|Dear Sir,||Philadelphia 17th April 1796|
Your letter of the 6th Ulto has been duly received; & this will go under cover to Mr Pearce; as, from the tenor of it, it is not unlikely you may be at Mount Vernon about this time.
You do not seem to understand me yet, relative to the mode of paying my Rents. I neither want every driblet, as it is received, sent to Mr Pearce or deposited in the Bank of Alexandria; nor the whole withheld untill all are collected. My idea on the subject is simply this. On the first of January in every year, all the Rents become due. On some other certain day (if not paid) they are destrainable. It is presumable then, that between those periods you will have visited the Tenants, or given them notice that the Rents must be paid in that time; or distress will be made, and it is expected that such collections as are made in that time will be paid, as above, for my use; for after that, if you withhold the money, so collected untill the tardy tenants pay; or it can be recovered in a court of Justice, I may lie out of it a considerable time—you run a hazard in keeping it by you—while no one is benefitted by the collection.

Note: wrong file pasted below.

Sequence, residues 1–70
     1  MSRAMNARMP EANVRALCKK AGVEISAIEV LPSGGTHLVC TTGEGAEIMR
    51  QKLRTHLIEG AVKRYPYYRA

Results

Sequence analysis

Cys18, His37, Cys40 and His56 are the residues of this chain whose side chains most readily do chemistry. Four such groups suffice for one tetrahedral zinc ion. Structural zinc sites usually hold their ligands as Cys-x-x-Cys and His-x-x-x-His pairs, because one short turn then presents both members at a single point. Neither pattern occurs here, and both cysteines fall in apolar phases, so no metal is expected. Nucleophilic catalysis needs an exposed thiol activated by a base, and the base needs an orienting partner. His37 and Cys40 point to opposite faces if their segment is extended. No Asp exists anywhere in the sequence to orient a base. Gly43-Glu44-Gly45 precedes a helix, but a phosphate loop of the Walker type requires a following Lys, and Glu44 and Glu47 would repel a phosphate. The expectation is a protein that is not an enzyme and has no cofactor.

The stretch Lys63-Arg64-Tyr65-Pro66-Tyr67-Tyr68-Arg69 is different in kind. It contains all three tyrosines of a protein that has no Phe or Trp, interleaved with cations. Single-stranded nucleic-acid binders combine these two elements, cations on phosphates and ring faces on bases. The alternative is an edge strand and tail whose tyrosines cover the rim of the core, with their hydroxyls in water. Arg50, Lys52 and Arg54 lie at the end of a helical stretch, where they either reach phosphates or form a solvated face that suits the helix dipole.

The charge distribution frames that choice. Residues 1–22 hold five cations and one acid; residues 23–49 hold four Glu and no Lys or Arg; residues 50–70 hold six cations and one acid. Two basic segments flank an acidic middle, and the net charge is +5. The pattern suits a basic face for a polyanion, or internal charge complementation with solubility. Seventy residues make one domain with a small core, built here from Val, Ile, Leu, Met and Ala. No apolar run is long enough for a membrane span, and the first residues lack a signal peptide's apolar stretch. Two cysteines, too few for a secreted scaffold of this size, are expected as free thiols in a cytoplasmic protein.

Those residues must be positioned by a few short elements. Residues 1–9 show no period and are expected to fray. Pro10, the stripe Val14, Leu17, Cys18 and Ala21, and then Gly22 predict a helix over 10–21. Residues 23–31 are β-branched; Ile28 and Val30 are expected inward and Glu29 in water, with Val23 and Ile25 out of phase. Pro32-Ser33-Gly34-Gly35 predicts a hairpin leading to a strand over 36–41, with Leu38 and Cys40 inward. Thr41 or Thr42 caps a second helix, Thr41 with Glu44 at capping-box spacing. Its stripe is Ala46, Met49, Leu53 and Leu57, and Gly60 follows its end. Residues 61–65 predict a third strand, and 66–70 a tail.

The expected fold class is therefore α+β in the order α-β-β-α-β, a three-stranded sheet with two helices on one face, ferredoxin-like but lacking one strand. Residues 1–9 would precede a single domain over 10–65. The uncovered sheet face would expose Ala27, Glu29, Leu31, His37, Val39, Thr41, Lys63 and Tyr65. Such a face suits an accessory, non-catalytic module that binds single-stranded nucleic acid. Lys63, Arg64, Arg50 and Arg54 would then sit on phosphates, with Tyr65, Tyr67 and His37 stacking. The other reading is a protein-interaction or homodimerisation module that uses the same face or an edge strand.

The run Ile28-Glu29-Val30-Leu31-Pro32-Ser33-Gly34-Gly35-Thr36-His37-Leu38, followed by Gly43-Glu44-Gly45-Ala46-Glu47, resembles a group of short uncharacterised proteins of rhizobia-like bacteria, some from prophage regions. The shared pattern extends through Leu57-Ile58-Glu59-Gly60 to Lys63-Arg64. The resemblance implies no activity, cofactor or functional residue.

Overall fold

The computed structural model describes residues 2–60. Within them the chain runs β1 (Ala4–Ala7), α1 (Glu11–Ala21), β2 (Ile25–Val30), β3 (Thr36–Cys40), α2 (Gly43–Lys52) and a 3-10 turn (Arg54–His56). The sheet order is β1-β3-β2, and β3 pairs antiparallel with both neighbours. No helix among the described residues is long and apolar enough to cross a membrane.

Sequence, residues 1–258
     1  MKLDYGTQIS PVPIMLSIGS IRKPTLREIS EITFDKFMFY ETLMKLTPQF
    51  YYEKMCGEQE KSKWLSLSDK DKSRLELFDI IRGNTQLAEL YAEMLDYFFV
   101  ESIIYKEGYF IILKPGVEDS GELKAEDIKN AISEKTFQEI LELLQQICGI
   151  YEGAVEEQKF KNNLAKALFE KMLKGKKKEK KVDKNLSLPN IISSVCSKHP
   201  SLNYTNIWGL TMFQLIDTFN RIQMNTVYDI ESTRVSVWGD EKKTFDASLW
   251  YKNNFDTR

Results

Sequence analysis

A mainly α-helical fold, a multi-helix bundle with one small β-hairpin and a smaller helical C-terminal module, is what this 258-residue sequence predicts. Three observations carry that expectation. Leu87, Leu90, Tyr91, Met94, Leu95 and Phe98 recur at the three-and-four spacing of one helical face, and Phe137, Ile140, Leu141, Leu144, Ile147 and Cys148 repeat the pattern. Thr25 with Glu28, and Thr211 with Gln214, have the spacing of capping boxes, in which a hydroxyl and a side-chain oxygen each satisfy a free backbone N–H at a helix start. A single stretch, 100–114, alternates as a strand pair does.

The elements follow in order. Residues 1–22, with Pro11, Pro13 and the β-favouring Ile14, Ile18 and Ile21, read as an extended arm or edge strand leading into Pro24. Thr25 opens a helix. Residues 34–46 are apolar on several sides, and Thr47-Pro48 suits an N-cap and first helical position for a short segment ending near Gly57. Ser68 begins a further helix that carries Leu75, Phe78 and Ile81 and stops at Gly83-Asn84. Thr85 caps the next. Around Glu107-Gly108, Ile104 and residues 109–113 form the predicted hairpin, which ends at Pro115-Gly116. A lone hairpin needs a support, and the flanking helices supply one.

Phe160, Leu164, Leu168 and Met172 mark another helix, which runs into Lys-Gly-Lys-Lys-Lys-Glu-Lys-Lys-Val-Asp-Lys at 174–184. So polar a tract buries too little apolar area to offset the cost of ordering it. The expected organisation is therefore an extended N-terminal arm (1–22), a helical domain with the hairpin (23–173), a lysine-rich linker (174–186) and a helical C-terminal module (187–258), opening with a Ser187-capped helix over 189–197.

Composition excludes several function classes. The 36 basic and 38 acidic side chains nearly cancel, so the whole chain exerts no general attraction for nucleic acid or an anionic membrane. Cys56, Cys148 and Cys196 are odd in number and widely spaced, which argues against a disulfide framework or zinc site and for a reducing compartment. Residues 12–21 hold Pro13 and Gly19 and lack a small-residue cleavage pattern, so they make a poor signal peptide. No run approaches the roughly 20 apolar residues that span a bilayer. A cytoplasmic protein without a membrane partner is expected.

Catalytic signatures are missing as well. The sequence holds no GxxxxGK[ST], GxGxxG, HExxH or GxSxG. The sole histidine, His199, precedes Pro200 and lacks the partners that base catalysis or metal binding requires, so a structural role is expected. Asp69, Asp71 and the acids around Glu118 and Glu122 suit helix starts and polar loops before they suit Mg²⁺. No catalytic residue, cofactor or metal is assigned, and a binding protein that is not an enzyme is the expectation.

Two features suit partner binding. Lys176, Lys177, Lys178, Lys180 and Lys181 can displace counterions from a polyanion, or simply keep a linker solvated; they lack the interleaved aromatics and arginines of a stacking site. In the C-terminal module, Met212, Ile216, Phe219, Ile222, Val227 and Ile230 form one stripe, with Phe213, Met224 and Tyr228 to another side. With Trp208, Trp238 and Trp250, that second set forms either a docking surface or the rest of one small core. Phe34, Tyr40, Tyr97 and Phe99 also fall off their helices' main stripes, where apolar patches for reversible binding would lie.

I did not know how the matter between Mr Airess & McCormick stood. I wanted nothing more than my right; and this, if possible, by fair & amicable means. I never litigate (if it can possibly be avoided) on my own account, and sure I am, I will not (knowingly do it) to gratify the prejudices, or passions of any other.
As to the Jack, as it is now too late to send him to you for the present season, there will be time enough between this & the next, to decide on the best disposition of him. Present my best wishes, in which your Aunt unites, to Mrs Lewis and be assured of the sincere friendship and affectionate regard of Your Uncle
MH: Sparks Transcripts.